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Tram Nguyen

2013, Equal Justice Works Fellowships, Tram Nguyen

Tram Nguyen

Name of Host Organization: Greater Boston Legal Services
City, State: Boston, Massachusetts
Issue area: Domestic Violence
Sponsors: Department of Justice, Office of Violence Against Women

The Project

This project is a collaboration between Equal Justice Works, Greater Boston Legal Services, Inc. (GBLS) and the Community Advocacy Program of the Center for Community Health Education Research and Service, Inc. (CCHERS) (CAP) to provide culturally competent, comprehensive bilingual legal assistance to victims of domestic violence, stalking and sexual assault in the highly underserved Vietnamese immigrant community in Greater Boston.

The Inspiration

Why Is This Project Important?
The Inspiration I am an immigrant from Vietnam who grew up in Massachusetts in a working-class immigrant family. As a college intern with Greater Boston Legal Services, I saw first-hand the impact that public interest lawyers can have on the lives of indigent clients who have nowhere else to turn. As result of that experience, I was inspired to become a lawyer to help communities of color, especially the Vietnamese American community. I made up my mind then to pursue a law degree in hopes that one day I could have a broader impact in the fight for human rights and protecting disenfranchised individuals against injustices.

Biography

Hometown:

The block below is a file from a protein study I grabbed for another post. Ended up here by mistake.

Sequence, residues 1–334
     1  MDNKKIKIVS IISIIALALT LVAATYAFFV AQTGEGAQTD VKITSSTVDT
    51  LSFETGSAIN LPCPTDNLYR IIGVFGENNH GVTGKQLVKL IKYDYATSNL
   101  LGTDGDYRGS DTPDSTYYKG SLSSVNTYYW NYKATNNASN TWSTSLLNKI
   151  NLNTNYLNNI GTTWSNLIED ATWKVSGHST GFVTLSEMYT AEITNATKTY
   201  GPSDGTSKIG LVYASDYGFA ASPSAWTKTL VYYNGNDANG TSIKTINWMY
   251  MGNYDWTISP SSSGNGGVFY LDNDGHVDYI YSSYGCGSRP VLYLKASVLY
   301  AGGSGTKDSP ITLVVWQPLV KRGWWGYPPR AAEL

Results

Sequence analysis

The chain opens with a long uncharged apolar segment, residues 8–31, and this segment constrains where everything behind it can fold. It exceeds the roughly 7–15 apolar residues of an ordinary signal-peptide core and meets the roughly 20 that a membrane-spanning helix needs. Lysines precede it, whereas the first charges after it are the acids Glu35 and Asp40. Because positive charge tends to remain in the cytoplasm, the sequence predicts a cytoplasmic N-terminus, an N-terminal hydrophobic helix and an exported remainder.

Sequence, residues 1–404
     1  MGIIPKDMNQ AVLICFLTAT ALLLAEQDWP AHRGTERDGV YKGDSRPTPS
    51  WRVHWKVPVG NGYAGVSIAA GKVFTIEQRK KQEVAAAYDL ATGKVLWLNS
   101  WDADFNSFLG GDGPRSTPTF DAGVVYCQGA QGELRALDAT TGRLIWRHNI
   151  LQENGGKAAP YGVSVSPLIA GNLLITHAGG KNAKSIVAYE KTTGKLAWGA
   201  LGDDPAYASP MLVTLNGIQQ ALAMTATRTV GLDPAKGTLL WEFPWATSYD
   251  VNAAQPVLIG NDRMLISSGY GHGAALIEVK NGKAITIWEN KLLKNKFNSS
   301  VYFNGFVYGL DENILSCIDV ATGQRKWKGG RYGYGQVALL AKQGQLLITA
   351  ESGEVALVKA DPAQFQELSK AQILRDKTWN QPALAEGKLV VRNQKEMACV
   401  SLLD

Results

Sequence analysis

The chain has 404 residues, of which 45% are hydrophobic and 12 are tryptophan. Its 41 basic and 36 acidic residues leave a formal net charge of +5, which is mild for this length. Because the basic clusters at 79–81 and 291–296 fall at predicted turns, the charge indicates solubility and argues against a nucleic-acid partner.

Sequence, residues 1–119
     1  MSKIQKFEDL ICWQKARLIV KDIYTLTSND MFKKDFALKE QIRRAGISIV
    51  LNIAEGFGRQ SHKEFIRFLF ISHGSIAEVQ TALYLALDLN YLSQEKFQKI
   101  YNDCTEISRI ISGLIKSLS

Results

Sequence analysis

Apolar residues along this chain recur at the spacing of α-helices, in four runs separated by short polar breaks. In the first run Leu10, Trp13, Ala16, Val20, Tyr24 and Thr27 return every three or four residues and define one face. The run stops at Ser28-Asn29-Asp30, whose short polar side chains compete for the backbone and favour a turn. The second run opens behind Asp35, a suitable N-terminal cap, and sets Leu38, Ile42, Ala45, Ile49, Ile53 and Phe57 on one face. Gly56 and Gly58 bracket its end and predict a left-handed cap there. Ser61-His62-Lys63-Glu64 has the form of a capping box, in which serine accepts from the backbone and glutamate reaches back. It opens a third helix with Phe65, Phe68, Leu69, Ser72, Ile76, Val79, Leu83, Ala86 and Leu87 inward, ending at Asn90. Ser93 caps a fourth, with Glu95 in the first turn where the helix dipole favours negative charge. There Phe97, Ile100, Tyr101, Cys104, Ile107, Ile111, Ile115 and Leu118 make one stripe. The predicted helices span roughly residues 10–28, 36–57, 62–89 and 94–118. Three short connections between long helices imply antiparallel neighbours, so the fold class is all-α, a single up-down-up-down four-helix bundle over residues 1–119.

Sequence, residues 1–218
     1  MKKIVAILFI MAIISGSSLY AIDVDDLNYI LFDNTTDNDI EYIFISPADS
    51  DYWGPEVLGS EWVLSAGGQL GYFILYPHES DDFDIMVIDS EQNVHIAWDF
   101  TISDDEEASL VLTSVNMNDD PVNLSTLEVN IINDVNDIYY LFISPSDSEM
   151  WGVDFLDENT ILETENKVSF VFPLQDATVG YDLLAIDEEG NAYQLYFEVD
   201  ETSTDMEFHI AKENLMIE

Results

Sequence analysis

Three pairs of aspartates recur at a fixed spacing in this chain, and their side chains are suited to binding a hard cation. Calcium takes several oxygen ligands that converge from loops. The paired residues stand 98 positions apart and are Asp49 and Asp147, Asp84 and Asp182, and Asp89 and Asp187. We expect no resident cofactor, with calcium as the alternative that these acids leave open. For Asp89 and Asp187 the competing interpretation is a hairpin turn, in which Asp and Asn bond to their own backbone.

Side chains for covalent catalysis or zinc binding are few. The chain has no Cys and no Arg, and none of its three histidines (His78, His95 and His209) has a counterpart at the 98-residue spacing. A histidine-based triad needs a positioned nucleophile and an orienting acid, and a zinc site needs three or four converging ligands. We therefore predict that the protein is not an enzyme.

Methuen, Massachusetts

Law school:

Making the connection:

Prior to and during law school, I was a board member for Survivors Inc., where I helped them with their quarterly newspaper by translating some of their articles into Vietnamese. I worked very closely with victims of domestic violence, and I quickly became committed to supporting and assisting these victims with both their legal and non-legal needs.

Recommended books:

1. The Color of Wealth: The Story Behind the U.S. Racial Wealth Divide - Meizhu Lui, Bárbara Robles, Betsy Leondar-Wright, Rose Brewer, and Rebecca Adamson 2. Intimate Partner Violence, Employment,and the Workplace Consequences and Future Directions - Jennifer E. Swanberg, TK Logan, and Caroline Macke 3. Yellow: Race in America Beyond Black and White – Frank H. Wu

Words to live by:

“I've learned that people will forget what you said, people will forget what you did, but people will never forget how you made them feel.” Maya Angelou